2. the spouse or civil partner of a "person granted humanitarian protection" (as above), and you must have been the spouse or civil partner of that person on the date on which they applied for asylum;
3. the child of a "person granted humanitarian protection" (as above), or a child of that person's spouse or civil partner, and, at the time the person granted humanitarian protection applied for asylum, you must have been under 18 years old and the child of that person or of someone who was the spouse or civil partner of that person on that date.
If you are, or if your parent (or your parent's spouse / civil partner) is, or your own spouse / civil partner is, granted humanitarian protection after the start of the course, you will be entitled to 'home' fees from the start of the next academic year if you meet the requirements above. But note that if you are an undergraduate student, and the next academic year starts on/after 1 August 2019, then one of the requirements you will need to meet is the requirement that you were ordinarily resident in the UK and Islands for the full three-year period before the first day of the first academic year of the course. If this was not the case, you will not change to ‘home’ fees.
Definition of an 'EU' student
Nationals (non-UK) of a member state of the European Union (EU) (see Box 1) will be classified as 'EU' students if they have been 'ordinarily resident' in the European Economic Area (EEA) and/or Switzerland and/or the overseas territories (see Box 3) throughout the same three-year period as described in 3(ii) and 1(iii) above. 'Relevant family members' (see Box 2) of EU nationals (who are in the UK as a self-sufficient person or as a student) will be classified as 'EU' students provided they meet the residence criteria as defined above. As with 3(ii), the main purpose of the student’s residence in the EEA/Switzerland/overseas territories must not have been to receive full-time education during any part of the three year period.
The EEA for the purposes of residential status is the area comprising the EU member states plus Iceland, Norway and Liechtenstein. For categories where the residence area includes the EEA, the residence area also includes the whole of the island of Cyprus (that is; including Northern Cyprus).
UK nationals who have been resident (on a permanent basis) in the EEA (but not the UK) and/or Switzerland and/or the overseas territories will normally be classified as 'EU' students. Under EU law, the fee charged to EU students is the same as that charged to 'home' students. Non-UK EU nationals who have been 'ordinarily resident' in the UK and Islands for the three year period before the first day of the first academic year of their course will usually be classified as 'home' students. If, during any part of the three year period, the main purpose for residence in the UK was to receive full-time education, the applicant must have been 'ordinarily resident' in the EEA and/or Switzerland and/or the overseas territories immediately prior to the three-year period of residence in the UK and Islands for a 'home' fee classification to be attributed.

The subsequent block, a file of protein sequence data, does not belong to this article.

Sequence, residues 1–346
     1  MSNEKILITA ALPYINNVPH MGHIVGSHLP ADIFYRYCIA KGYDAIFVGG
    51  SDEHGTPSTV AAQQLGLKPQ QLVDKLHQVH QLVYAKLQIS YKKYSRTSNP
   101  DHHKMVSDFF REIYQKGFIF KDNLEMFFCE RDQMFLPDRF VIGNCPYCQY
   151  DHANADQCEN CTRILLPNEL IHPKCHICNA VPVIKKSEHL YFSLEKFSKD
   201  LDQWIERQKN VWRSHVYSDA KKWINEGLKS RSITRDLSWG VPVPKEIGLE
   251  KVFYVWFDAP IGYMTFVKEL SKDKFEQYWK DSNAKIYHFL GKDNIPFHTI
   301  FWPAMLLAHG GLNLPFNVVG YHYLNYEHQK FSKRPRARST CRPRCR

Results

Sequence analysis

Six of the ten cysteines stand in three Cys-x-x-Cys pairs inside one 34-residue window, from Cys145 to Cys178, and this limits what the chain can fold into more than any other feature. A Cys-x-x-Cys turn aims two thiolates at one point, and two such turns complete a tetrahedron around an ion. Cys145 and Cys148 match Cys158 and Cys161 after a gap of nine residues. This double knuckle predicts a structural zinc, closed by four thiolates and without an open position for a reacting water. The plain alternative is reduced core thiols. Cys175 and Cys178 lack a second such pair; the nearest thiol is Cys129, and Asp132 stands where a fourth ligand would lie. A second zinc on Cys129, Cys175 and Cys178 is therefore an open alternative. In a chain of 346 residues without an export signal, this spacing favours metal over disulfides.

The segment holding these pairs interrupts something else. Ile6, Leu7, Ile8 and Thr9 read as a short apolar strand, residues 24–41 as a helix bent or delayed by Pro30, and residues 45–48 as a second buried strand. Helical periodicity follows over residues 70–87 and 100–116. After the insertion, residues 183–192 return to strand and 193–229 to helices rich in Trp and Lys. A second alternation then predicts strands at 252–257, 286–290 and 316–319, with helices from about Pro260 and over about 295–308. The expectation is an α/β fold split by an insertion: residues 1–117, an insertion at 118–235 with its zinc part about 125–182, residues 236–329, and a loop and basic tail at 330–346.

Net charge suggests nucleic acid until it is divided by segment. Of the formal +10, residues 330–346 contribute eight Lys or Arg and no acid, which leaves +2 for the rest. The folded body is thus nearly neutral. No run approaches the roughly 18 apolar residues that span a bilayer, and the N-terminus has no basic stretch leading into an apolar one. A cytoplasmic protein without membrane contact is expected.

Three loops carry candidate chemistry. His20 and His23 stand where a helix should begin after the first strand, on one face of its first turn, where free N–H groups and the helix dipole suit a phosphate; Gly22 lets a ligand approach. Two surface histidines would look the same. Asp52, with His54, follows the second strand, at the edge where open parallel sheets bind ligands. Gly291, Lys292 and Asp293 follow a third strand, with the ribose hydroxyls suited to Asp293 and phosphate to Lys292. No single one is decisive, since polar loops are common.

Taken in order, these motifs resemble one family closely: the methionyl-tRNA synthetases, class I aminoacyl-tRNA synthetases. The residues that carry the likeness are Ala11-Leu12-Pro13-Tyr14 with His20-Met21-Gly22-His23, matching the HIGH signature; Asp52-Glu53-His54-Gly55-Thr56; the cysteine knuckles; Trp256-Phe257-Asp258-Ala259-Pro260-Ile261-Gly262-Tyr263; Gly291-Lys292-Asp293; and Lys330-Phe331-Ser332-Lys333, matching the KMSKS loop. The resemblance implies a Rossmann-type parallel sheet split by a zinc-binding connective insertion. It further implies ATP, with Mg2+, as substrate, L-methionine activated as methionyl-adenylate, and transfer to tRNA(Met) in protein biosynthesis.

If your circumstances change before you begin your course
If you believe your circumstances have changed between having received an offer to study at the University, or a fee classification notification letter, and the start of your course (see 'first day of the first academic year of the course' above), and/or that your fee classification may no longer be accurate, you are obliged to inform your department and Student Administration & Support Division. If you do not then you may jeopardise your place of study at the University.
Contact your department, and also email firstname.lastname@example.org, immediately should your circumstances change.
The Fees Questionnaire provides suggestions for the types of documentation you are required to submit in support of the information you provide on your completed form.
We will use the information provided in your application to assess whether you are eligible to pay Home/EU or International fees. In many cases, we will be able to make this assessment without needing any additional information and your fee status will be confirmed if/when you receive an offer to study at the University. However, the University reserves the right to request any other documentation as necessary for the purposes of establishing an accurate fee classification.
For additional information you may wish to consult guidance materials available from the UK Council for International Student Affairs (UKCISA): http://www.ukcisa.org.uk/
Of particular use may be Ordinary residence: case law for fees and student support (UKCISA, 2009): http://www.ukcisa.org.uk/student/info_sheets/ordinary_residence.php
If you have any queries about your fee status, please contact email@example.com.